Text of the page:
A group of health care workers hurried out of a Boston hospital on a recent weekday morning, clutching small red coolers filled with COVID-19 vaccines.
Their challenge: Beat traffic, a looming snowstorm and the clock. They had to get shots in the arms of their homebound patients before the vaccines expired in a few hours.
“That clock is in the back of my mind the whole time,” said Dr. Won Lee, a home care specialist at Boston Medical Center.
Millions of U.S. residents will need COVID-19 vaccines brought to them because they rarely or never leave home. Doctors and nurses who specialize in home care are leading this push and starting to get help from state and local governments around the country.
But they face several challenges. Researchers say many homebound people don’t receive regular medical care, which makes it hard to identify everyone who needs a vaccine.
Supplies also are limited, and both the Pfizer and Moderna vaccines expire a few hours after syringes pull the vaccine from vials.
That makes it tough for one doctor to see many patients when they must also stay in someone’s home for at least 15 minutes after the shot in case an allergic reaction develops.
“They don’t live next door to each other,” said Dr. David Moen of Prospero Health Partners, which delivers care to patients in several states. “It’s challenging to go to multiple locations.”
Even so, health care providers report progress. Lee figures she can deliver five or six doses during an average day. That will be her main focus the next several weeks.
One of her recent stops was at the second-floor apartment of a regular patient, 106-year-old Domingas Pina, who hasn’t left home in about a year.
Lee sat with Pina at her dining room table, swabbed the patient’s shoulder and then swiftly administered the shot as Pina looked away.
The patient then smiled beneath her surgical mask and flashed a thumbs up. Pina, who speaks mostly Portuguese Creole, will get her second dose of the vaccine next month, right around her 107th birthday.
“She misses all her grandchildren and her friends that used to come all the time,” daughter Maria Lopes said. “We don’t want to lose her.”
After giving Pina the shot, Lee asked how she was doing and about her blood pressure medication. She then slipped off Pina’s Darth Vader slippers to exam her feet.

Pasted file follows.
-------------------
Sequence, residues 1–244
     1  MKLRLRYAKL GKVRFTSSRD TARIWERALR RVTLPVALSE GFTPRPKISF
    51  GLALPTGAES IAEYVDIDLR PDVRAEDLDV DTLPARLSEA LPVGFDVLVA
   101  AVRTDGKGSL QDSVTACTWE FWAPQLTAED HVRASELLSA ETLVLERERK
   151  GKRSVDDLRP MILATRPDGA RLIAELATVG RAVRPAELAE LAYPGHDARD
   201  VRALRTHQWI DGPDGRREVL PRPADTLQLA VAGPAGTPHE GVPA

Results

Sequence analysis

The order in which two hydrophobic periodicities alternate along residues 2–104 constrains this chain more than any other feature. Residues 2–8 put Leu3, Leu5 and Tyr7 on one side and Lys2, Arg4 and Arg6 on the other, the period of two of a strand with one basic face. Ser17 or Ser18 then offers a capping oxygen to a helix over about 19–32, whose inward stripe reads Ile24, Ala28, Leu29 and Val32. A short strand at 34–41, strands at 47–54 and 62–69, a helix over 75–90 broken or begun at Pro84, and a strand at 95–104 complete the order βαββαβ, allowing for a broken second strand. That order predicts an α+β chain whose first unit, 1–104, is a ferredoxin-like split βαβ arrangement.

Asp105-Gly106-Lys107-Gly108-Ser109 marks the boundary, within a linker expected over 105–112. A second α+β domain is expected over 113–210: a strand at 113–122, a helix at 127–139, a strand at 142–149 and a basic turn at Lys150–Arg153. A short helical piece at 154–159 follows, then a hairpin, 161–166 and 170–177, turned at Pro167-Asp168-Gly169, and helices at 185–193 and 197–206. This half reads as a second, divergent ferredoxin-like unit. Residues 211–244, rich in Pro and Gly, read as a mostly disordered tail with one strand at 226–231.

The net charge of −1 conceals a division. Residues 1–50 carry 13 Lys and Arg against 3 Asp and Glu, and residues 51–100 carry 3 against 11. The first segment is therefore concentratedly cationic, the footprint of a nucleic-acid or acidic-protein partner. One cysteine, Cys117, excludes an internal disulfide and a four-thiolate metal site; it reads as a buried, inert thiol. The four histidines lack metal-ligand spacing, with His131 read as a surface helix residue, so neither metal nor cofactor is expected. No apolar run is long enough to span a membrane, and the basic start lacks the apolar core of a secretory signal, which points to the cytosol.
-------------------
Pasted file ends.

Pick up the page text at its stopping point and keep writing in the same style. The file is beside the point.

Before long, the doctor had left for her next patient.
Lee’s office sets up the appointments and explains the vaccine in advance. That helps the visit go smoothly, and Lee tries to see patients who live near each other to conserve time.
She also tells them she can’t stay too long after the shots “because I have to make sure I get these vaccines to all the patients that need them today.”
Dr. Karen Abrashkin hopes to take a similar approach. She will use mapping software to plan stops among clusters of patients who live near each other in the New York City area.
But the director of Northwell Health’s House Calls program is still waiting for the vaccine.
“We get many questions each day about when we’re going to have vaccines to give in the home,” she said. “The supply just isn’t there yet.”
One of her patients, 103-year-old Ida Sobel, has no plans to leave her apartment building until she gets vaccinated.
While she waits, Sobel, who is legally blind and lives with a home health aide, has food delivered. She walks the hallway outside her front door for exercise and opens a window when she wants fresh air.
“I am in a very crowded area,” the Floral Park, New York, resident said. “People are not conscious enough to avoid you and stay far away, so I avoid them.”
Harvard Medical School professor Dr. Christine Ritchie estimates that about 2 million U.S. residents are homebound. Another 5 million have trouble leaving home or need help doing so. Many of them may need vaccines brought to them as well.
This population generally includes older people with lower-than-average income levels and serious medical problems like dementia, advanced heart conditions or arthritis.
Ritchie noted that homebound people draw less attention from public health officials than those who live in group settings like nursing homes, which are receiving vaccines from major drugstore chains.
Homebound people, Ritchie said, “tend to be sort of invisible to society.”
On Staten Island, James De Silva has grown frustrated because he has no good vaccine options for his 96-year-old mother, but people much younger than her can get shots if they leave home. Mary Stella De Silva is mostly bedbound and receives around-the-clock home care.
That care doesn’t include the vaccine, and De Silva will need to arrange an ambulance or special transportation to take her to an appointment, if he lands one.
“I think the homebound should be given a little bit more priority than someone who is just 65 and might not have an underlying illness,” he said. “It’s not being given the attention it deserves, frankly.”
That appears to be changing. Fire departments around the country have started delivering vaccines.
In the Gulf Coast city of Corpus Christi, Texas, the fire department has used a list of Meals on Wheels recipients to deliver more than 2,000 doses of the Moderna vaccine since late January. Chief Robert Rocha said they’ve also set up a hotline for anyone who still needs a vaccination.
Last week, New York City Mayor Bill DeBlasio said his city would start sending medical personnel to the apartments of homebound people as soon as a one-shot vaccine made by Johnson & Johnson is available. Federal regulators may approve that vaccine in a few weeks.
Deliveries like that can’t start soon enough for De Silva and his mother.
“If she was in a nursing home or a long-term care facility, she would have been vaccinated by now,” he said. “She’s really in the same situation, but she’s at home.”
Associated Press video journalist Rodrique Ngowi contributed to this report.
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